Maine is joining the rest of the US in allowing farmers to grow a type of
genetically altered corn.
The Board of Pesticides Control voted to let farmers
grow the crop that's resistant to insects. It'll be used only for animal feed as
it is in other states, and the seed companies will have to provide sales data to
Organic growers concerned
have been concerned that their crops will be contaminated by cross-pollination
with the genetically modified corn. But the Board of Pesticides Control said
Friday that its mandate of reducing pesticide use and its concern about state
farmers being at a competitive disadvantage without the genetically altered feed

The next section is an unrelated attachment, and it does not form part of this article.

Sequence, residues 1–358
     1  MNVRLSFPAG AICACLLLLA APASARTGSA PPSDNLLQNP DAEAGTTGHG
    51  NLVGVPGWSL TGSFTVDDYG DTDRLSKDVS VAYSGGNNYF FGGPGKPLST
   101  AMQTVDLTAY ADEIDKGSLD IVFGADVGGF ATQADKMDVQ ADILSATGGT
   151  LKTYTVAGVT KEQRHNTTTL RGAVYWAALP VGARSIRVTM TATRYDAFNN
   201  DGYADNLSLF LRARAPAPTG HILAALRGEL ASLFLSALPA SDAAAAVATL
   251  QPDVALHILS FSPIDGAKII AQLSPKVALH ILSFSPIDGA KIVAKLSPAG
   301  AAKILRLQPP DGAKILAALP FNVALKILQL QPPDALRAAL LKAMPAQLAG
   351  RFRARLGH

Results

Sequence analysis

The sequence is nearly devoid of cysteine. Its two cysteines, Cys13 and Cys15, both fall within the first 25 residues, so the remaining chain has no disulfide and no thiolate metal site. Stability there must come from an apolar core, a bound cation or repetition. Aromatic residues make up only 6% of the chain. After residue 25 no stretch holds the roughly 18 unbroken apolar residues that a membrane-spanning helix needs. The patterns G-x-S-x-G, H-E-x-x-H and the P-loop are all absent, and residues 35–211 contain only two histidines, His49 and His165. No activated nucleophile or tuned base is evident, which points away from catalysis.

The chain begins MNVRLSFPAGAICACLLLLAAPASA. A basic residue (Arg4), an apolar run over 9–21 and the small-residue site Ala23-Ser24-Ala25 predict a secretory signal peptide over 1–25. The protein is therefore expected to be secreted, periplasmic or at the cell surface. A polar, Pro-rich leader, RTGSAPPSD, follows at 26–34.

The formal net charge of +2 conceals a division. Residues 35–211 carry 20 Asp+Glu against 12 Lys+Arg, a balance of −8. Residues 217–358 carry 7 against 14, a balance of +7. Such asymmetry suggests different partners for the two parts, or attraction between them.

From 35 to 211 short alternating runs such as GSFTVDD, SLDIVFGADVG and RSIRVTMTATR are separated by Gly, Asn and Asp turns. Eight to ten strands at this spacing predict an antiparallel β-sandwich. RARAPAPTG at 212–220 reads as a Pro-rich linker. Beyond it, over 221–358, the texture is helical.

trumped those concerns.
"If we don't take advantage of this technology,
these farmers may not be here in five or 10 years down the road," board member
Richard Stevenson said. Critics urged the board not to cave to pressure for
Maine to follow the rest of the nation in adopting the use of Bacillus
thuringiensis, or Bt, corn. They said the modified corn poses a potential threat
to wildlife and plants, as well as people. "This technology has been out there
about a generation," said Peggy Gannon of Stetson, "and there have been no
long-term tests on humans."
The three companies that petitioned to sell the corn -- Dow
AgroSciences, Pioneer Hi-Bred International and Monsanto -- also will be
required to provide sales data to the state so it can track the use of the
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